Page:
Two recent federal circuit court decisions demonstrate the importance to defense contractors of the “rigorous” materiality standard for False Claims Act (FCA) cases announced by the Supreme Court last year in Universal Health Services, Inc. v. United States ex rel. Escobar, 136 S. Ct. 1989 (2016). More than a few defense contractors are prevailing by demonstrating that relators have accused them of immaterial regulatory violations, and not infractions that are material to the government’s decision to pay a claim.
In United States ex rel. Kelly v. Serco, Inc., 846 F.3d 325 (9th Cir. Jan. 12, 2017), the U.S. Court of Appeals for the 9th Circuit became the first circuit to analyze the Escobar materiality standard for claims brought against a defense contractor under the FCA. Subsequently, the D.C. Circuit did so in United States ex rel. McBride v. Halliburton Co., 848 F.3d 1027 (D.C. Cir. Feb. 17, 2017). Both circuits affirmed summary judgment for the defense contractors on grounds that the relators could not demonstrate that any falsity in the claims was material.
The “Demanding” and “Rigorous” Materiality Standard
In Escobar, the Supreme Court held that a party that submits a claim to the government can be liable under the FCA by impliedly certifying compliance with applicable laws, regulations, or contractual terms. However, the Court imposed a significant constraint on this legal theory of liability. The false certification of compliance must be material to the government’s decision to pay a claim. Escobar, 136 S. Ct. at 2002. And, according to the Court, the materiality is “demanding” and “rigorous.” Id. at 2003, 2004 n.6. Not every false certification of a regulatory violation is material, the Court explained.
Summary Judgment Affirmed for Defense Contractors Where Material Falsity Is Not Established
In Kelly, the relator—a former analyst for a defense contractor—brought an implied false certification claim under the FCA. The contractor had an agreement with the Department of Defense, Navy Space and Naval Warfare Systems Command (SPAWAR) to provide project management services for an upgrade of the wireless communications systems along the U.S.-Mexico border. Kelly, 846 F.3d at 328. The analyst alleged that the contractor failed to record its costs according to the Department of Defense’s Earned Value Management System guidelines. Id. at 329. However, the 9th Circuit found no evidence that the defense contractor was required to comply with the guidelines. Id. at 331. The agreement between the contractor and SPAWAR made no mention of the guidelines, and there was no regulation that conditioned payment on compliance with them. Id.
The court was equally unpersuaded by the analyst’s argument that SPAWAR could have refused payment if the defense contractor disclosed the method it used to track costs. Relying on Escobar, the 9th Circuit noted that evidence that SPAWAR could refuse payment if it knew of the violation is insufficient to establish materiality. Id. at 333–34. Moreover, SPAWAR’s acceptance of the cost reports despite knowledge of their non-compliance supported the conclusion that no reasonable jury could find for the implied false certification claim. Id.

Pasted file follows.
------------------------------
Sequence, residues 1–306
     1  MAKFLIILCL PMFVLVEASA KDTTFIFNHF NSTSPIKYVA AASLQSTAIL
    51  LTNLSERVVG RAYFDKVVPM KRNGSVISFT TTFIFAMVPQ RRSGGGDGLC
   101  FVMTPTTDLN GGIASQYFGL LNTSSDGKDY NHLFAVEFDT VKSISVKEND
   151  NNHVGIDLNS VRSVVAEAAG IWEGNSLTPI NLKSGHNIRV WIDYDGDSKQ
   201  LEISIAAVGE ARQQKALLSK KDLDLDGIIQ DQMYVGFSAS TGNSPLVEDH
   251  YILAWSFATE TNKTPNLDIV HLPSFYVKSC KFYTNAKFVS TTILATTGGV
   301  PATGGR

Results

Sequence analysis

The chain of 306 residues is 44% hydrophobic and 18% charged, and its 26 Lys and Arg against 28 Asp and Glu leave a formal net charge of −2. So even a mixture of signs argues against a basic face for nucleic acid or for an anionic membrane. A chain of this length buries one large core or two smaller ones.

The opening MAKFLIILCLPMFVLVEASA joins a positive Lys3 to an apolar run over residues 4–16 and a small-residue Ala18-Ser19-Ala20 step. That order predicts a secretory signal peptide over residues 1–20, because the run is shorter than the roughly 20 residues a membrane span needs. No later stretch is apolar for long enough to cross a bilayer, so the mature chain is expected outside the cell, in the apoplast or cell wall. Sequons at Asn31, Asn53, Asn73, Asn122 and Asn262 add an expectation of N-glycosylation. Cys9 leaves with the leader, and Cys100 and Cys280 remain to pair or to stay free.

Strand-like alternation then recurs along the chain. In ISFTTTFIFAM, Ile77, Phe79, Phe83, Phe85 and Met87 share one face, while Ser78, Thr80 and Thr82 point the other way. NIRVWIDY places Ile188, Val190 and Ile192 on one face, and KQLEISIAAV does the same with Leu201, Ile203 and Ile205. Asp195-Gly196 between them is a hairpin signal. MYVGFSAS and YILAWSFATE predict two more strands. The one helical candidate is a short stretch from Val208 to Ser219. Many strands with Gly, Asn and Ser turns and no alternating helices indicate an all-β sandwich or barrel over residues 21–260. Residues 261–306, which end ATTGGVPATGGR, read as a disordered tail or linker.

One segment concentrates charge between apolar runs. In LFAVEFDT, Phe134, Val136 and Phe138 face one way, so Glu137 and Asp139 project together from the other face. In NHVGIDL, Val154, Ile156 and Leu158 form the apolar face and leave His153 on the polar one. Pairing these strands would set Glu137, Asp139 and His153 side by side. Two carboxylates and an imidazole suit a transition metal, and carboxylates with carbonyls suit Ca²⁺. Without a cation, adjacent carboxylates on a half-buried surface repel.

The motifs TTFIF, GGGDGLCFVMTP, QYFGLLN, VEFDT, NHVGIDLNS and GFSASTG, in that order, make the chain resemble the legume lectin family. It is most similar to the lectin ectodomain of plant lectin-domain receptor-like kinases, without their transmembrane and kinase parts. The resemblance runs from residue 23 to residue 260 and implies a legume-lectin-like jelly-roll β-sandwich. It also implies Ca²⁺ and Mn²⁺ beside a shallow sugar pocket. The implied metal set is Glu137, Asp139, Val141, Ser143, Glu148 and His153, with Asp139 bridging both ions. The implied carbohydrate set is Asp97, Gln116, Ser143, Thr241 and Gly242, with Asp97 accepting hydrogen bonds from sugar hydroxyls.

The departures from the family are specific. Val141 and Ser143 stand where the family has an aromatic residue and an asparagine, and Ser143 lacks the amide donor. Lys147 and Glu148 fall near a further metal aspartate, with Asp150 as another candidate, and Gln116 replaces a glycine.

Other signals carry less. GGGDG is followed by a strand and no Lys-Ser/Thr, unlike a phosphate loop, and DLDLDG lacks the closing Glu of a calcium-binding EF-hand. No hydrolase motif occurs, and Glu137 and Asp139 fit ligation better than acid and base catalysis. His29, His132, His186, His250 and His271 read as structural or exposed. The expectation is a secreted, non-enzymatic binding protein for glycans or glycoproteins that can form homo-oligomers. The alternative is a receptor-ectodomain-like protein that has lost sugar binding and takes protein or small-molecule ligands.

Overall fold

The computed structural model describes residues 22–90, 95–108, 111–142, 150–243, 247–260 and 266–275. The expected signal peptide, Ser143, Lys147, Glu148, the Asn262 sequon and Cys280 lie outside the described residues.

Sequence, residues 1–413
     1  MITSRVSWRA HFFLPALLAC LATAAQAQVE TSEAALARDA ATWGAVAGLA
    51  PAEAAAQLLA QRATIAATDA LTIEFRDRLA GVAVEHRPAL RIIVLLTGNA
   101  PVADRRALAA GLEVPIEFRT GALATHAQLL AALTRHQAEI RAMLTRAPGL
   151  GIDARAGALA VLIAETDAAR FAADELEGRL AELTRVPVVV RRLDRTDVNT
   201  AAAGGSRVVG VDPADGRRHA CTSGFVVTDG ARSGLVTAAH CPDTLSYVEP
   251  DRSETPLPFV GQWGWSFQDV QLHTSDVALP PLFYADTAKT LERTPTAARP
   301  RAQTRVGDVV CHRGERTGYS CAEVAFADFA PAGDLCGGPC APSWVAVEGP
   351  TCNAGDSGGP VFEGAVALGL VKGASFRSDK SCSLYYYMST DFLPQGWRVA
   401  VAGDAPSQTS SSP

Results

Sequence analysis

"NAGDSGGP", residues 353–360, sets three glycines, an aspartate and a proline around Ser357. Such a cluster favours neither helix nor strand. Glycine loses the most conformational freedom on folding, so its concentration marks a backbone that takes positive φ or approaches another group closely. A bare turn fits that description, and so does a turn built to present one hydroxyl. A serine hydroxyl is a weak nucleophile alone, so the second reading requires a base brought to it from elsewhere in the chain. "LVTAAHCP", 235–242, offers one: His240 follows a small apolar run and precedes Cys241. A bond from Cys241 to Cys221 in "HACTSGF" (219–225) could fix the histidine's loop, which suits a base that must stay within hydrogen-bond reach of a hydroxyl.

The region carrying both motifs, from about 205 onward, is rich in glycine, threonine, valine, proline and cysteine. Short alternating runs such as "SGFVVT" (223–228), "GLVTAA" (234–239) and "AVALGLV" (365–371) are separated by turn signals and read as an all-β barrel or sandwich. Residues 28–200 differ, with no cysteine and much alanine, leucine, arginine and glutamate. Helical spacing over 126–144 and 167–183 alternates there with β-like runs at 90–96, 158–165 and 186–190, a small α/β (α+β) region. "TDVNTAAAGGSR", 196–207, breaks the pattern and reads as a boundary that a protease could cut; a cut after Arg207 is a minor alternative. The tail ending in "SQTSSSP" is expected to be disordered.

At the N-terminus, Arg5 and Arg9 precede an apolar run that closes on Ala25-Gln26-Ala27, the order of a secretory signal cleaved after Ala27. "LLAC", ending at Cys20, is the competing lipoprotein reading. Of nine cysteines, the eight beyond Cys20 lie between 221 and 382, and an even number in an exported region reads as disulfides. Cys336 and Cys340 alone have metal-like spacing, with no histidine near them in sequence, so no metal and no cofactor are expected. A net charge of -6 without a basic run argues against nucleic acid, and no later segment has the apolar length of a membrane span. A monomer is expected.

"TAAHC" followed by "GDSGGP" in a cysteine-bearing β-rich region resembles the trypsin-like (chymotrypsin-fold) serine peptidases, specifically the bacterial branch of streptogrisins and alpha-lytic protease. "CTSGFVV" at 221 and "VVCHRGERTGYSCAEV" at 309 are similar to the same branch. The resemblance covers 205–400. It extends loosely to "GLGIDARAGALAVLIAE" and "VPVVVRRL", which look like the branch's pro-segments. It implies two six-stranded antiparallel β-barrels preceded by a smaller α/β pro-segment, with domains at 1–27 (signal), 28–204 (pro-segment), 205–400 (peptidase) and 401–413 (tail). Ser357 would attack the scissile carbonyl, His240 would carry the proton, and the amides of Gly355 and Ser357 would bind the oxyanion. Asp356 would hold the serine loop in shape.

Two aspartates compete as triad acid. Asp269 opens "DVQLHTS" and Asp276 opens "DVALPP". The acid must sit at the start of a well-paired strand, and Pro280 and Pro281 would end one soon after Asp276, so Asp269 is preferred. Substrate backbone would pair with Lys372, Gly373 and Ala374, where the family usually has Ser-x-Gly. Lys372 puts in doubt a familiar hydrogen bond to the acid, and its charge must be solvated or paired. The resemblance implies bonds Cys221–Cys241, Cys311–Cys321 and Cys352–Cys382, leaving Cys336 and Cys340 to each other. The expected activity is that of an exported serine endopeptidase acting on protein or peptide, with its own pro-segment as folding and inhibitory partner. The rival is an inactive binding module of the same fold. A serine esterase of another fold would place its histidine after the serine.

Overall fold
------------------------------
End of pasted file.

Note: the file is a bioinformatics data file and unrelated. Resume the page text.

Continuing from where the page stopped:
The District of Columbia Circuit came to the same conclusion in McBride. There, the contractor had an agreement with the U.S. Army to provide morale, welfare, and recreation services for troops at two military camps located in Iraq. McBride, 848 F.3d at 1029. The relator—a former employee—accused the contractor of maintaining false headcount data to overstate the number of troops that used its facilities, and also of destroying sign-in sheets before submitting claims to the Army. Id. As in Kelly, the employee failed to demonstrate a connection between the allegedly inflated headcount data and the defense contractor’s claims for payment. Id. at 1032–33. The contractor’s agreement with the Army did not require it to produce headcount data. Id. Rather, the contractor voluntarily recorded this information and sporadically included it in status reports. Id. The employee argued that, regardless of contractual terms, the Army may refuse payment for unreasonable or unsubstantiated costs. Id. She relied on a federal regulation that specifies costs charged to the government must be reasonable. Id., citing 48 C.F.R. § 31.201-2(a)(1).
The D.C. Circuit found the regulation inapplicable because the employee offered no evidence to suggest that the headcount data was relevant or material to determining costs. Id. To the contrary, the defense contractor showed that its costs were based on the size of each camp’s population and the types of services offered at each facility. Id. Even if the employee could prove that the headcount data were false, she could not prove that the false information had any bearing on costs billed to the Army or that it affected payment decisions in any way. Id. In fact, the Defense Contract Audit Agency did investigate the employee’s claims about headcount data and still allowed payment on all the contractor’s charged costs. Id. at 1034. Quoting Escobar, the D.C. Circuit found this was “very strong evidence” that the data was not material to the payment decision. Id.
Kelly and McBride illustrate how the rigorous materiality standard ensures that defense contractors will not face FCA liability for regulatory violations that are not material to the government’s decision to pay a claim. In future False Claims Act cases involving defense contractors, the issue of materiality will likely predominate. In FCA cases, defense contractors should formulate a discovery plan—that may include discovery from the government and from former government employees and experts—demonstrating that the government does not base its payment decisions on compliance with the regulation in question. Evidence that the government has paid claims in the past despite knowing of similar regulatory violations will be extremely important.